Baron Wolman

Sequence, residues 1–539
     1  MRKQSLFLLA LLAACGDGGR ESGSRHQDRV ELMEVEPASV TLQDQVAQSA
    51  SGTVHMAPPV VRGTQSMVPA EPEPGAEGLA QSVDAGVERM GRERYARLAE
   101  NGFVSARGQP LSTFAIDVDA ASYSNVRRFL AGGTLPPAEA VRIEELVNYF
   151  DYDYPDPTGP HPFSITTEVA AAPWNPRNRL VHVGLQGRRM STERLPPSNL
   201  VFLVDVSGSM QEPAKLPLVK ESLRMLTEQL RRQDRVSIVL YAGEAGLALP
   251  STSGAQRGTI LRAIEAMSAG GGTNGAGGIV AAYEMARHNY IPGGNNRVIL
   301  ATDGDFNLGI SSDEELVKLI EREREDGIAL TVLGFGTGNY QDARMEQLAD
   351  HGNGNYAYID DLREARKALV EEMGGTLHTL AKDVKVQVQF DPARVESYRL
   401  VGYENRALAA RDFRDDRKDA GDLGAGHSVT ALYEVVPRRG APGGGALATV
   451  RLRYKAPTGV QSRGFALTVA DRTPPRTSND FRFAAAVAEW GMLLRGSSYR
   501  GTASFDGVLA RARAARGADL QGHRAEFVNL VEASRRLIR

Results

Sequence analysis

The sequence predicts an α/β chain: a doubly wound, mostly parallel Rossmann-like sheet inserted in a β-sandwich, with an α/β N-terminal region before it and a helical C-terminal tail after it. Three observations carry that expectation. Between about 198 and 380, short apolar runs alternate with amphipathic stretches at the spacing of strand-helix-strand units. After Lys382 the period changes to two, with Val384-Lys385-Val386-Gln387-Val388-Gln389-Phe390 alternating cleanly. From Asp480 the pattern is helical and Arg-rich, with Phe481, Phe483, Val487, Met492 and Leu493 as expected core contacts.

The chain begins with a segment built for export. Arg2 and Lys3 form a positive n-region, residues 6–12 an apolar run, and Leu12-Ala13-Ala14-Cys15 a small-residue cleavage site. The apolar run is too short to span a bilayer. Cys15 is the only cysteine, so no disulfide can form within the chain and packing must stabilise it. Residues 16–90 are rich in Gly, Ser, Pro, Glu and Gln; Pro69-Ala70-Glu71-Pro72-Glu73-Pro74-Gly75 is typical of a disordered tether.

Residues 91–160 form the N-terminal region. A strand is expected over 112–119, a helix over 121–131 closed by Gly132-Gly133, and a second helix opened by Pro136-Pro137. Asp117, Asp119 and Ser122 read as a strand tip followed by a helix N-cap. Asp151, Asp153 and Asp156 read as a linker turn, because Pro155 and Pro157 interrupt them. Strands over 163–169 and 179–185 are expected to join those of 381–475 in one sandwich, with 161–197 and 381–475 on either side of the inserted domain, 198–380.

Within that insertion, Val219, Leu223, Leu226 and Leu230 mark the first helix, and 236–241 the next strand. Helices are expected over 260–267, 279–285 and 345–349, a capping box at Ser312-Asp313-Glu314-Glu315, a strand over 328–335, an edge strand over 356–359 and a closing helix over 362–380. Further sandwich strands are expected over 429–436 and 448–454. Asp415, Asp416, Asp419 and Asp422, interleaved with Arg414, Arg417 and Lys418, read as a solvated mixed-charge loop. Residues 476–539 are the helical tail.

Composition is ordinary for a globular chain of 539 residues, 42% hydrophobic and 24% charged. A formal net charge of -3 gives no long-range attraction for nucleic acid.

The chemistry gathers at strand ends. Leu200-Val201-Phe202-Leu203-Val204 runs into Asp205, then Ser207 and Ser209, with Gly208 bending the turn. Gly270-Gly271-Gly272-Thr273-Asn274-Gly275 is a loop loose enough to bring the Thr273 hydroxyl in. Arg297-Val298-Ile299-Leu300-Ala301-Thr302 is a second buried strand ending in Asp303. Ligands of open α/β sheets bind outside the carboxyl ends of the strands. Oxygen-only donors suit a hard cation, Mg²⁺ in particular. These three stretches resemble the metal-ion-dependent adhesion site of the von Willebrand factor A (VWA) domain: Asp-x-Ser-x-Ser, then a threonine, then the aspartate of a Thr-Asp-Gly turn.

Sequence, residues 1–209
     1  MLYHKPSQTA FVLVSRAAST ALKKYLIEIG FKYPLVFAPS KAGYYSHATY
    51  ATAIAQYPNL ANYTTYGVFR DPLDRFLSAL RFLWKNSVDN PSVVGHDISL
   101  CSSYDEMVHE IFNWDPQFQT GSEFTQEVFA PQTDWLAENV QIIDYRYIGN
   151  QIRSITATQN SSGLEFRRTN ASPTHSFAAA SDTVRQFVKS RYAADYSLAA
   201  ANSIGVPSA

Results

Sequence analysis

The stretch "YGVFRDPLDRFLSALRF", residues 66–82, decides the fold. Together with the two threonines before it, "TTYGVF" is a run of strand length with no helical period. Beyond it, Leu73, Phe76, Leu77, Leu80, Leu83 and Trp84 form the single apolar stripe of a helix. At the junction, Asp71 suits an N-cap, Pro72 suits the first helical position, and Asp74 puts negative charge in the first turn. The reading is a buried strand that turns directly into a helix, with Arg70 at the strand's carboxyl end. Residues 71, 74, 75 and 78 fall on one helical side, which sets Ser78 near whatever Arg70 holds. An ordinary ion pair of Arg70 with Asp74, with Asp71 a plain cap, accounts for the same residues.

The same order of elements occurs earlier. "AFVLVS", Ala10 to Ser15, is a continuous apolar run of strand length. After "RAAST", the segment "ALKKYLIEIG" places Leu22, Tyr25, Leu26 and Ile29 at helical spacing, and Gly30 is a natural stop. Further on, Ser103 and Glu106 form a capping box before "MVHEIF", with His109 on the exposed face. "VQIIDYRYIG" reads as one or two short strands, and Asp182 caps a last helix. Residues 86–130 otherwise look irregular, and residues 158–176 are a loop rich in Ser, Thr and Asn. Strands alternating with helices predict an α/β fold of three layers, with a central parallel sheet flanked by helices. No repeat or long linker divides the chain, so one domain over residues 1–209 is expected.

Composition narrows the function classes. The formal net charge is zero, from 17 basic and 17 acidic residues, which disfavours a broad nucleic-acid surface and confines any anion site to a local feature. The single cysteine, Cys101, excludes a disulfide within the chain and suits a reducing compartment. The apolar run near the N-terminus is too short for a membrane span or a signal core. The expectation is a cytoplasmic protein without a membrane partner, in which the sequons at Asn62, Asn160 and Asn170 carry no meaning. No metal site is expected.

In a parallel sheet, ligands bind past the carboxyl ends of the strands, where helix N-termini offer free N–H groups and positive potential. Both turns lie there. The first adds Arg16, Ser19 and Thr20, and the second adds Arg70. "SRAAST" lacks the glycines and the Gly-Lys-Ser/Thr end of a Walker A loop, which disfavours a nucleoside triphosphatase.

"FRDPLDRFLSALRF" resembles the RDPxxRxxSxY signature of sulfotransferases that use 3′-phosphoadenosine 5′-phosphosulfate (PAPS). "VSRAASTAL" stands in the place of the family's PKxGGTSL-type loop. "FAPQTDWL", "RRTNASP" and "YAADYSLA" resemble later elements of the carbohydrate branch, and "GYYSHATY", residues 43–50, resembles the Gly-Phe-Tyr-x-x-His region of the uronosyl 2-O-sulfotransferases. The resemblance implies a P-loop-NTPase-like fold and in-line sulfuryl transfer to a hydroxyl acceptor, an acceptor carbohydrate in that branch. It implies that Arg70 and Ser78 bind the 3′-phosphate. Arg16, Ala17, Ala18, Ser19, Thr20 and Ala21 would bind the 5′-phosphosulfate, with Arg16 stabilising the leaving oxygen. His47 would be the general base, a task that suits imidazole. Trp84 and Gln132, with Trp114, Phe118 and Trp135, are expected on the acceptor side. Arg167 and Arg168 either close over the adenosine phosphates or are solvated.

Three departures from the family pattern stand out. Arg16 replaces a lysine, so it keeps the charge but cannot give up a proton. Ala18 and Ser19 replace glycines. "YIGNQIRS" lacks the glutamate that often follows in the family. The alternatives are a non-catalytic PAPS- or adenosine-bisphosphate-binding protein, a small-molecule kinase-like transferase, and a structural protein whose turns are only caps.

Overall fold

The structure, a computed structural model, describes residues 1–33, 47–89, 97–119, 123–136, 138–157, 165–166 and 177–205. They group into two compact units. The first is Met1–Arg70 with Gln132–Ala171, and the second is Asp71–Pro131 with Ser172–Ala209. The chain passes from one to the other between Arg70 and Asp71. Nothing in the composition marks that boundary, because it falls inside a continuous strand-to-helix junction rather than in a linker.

The precipitous cliffs of Masada, which rise more than 1,300 feet above the nearby Dead Sea, prevented the Romans from mounting a general assault all along the walls of the 20-acre fortress. Instead, the Romans built an immense ramp in order to roll their siege engine, a huge battering ram mounted like a swing in a tower with wheels, up to the base of the wall. In this aerial view to the north, the storerooms and administrative buildings of the northern palace appear at the upper point of the diamond; the Roman siege ramp rises on the left, near the middle of the diamond, to meet the outer wall beside the western palace. The double-walled casemate is still evident at many places on the mountain’s periphery.